If accurate, Doughty will become the NHL’s highest-paid defenseman from a cap hit standpoint, as P.K. Subban‘s $9M currently represents the peak.
Of course, that’s where the fun starts, because Doughty is likely to have company in that range – if he isn’t surpassed – by Erik Karlsson. With that in mind, this contract carries massive implications, not just for the Kings or Doughty’s accountant, but also for other NHL defensemen and the league as a whole.
Let’s consider some of those impacts.
Kings take on another huge risk, arguably a necessary one
Los Angeles fired its primary architect when it let ex-GM Dean Lombardi go during the summer of 2017, yet his fingerprints remain all over this team. By handing this hearty extension to Drew Doughty, the Kings are tethered even more dramatically to this core group, for better or worse.
On one hand, still-relatively-new GM Rob Blake’s hands were tied. This team’s window to be competitive seemed like it was slammed shut heading into 2017-18, yet the team performed better than many expected, and they managed to make the playoffs. Doughty remains an absolutely vital piece to future bids to contend, right up there with Anze Kopitar.
And now he has the contract to match Kopitar.
Consider the massive amount of term and money devoted to players who are either in the waning years of their primes, or have already regressed. These are the guys who are least 30 years old and locked up for three or more seasons:
Doughty, 28, extension will kick in starting in 2019-20. $11M (approx.) per year through 2026-27.
Kopitar, 30, $10M cap hit through 2023-24.
Ilya Kovalchuk, 35, $6.25M through 2020-21
Dustin Brown, 33, $5.875M through 2021-22
Jonathan Quick, 32, $5.8M through 2022-23
Jeff Carter, 33, $5.272M through 2021-22
Dion Phaneuf, 33, $5.25M through 2020-21
Alec Martinez, 30, $4M through 2020-21
No doubt about it, Drew Doughty is still an elite defenseman today. He should be once his extension kicks in at age 29.
That said, in the four seasons since the Kings won the 2014 Stanley Cup, they failed to win a single playoff series and missed the postseason twice. Those disappointing outcomes came with younger versions of those core players.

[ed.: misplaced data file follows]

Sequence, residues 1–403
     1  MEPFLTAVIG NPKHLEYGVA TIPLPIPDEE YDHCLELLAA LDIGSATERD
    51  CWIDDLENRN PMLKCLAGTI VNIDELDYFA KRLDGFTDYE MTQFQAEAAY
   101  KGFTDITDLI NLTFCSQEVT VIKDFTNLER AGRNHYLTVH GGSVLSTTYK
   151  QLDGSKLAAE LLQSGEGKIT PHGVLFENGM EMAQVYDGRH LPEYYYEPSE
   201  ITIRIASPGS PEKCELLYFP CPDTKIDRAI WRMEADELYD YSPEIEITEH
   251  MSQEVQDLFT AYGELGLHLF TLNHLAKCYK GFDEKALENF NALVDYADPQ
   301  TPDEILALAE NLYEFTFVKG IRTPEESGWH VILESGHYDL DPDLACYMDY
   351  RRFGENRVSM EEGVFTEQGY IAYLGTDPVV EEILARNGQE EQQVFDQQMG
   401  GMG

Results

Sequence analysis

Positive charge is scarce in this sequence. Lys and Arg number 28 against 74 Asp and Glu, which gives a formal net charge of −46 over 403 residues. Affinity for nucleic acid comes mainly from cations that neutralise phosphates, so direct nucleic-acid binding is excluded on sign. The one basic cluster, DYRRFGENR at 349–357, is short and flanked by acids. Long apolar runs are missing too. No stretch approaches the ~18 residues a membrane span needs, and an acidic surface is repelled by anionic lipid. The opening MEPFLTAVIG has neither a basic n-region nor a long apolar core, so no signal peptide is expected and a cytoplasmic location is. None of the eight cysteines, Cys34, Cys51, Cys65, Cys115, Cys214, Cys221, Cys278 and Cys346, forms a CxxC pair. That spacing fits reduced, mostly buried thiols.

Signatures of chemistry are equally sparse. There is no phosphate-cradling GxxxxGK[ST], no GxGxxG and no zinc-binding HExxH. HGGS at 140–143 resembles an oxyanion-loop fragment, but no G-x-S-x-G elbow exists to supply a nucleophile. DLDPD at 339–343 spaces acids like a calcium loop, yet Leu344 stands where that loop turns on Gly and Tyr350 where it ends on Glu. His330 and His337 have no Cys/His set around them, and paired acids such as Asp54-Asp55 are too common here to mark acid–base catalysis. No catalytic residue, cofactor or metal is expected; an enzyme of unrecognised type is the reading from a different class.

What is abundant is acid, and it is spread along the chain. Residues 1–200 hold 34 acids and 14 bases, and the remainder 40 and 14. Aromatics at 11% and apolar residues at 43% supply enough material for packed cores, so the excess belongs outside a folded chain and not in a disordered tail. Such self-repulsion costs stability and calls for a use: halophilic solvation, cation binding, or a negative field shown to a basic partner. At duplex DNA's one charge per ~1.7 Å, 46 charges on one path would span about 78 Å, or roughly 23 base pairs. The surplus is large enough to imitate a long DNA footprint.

Kings management is taking a massive gamble that those players can play at or near that level for at least the early parts of Doughty’s extension. Even worthwhile gambles like signing Kovalchuk come with obvious risks, as he’s the oldest of that bunch and hasn’t tasted NHL action in a long, long time.
Yeah, this plan isn’t for the risk-averse.
Setting a new bar
Considering how the Ottawa Senators bought out Alex Burrows for relatively minimal savings, it sure feels like Erik Karlsson’s days are even more numbered after Doughty set a new standard for what a top defenseman could/should make.
(That smile you can almost feel is from GMs who signed their gems to better bargains earlier. As usual, Steve Yzerman is doing so, in this case thinking of Victor Hedman‘s $7.875M through 2024-25. Assuming everyone sticks to the plan, the Arizona Coyotes must be relieved that they chiseled something out with Oliver Ekman-Larsson before this deal was signed.)
It’s not just Karlsson who should be nodding in approval.
Despite this signing taking a big name out of the potentially robust 2019 Summer of Defensemen (and really good Columbus Blue Jackets), there are other interesting names. Nashville Predators defenseman Ryan Ellis is probably rubbing his chin thinking of what he might do with his megabucks, assuming his mountain man beard would permit it.
This deal could reverberate beyond the 2019 summer, too. Someone like Roman Josi (sorry Predators fans, it was a good run with cheap defensemen) must be smiling ear-to-ear to see that Doughty didn’t take a big hometown discount to stay in Los Angeles.
Oh, and thanks to how this may impact the future of Karlsson and others, the Doughty deal could also expedite the process for some big trades to stay ahead of the cap game.
In other words, this contract is almost as big for the rest of the NHL as it undoubtedly is for Doughty and the Kings. Will Los Angeles end up regretting this investment?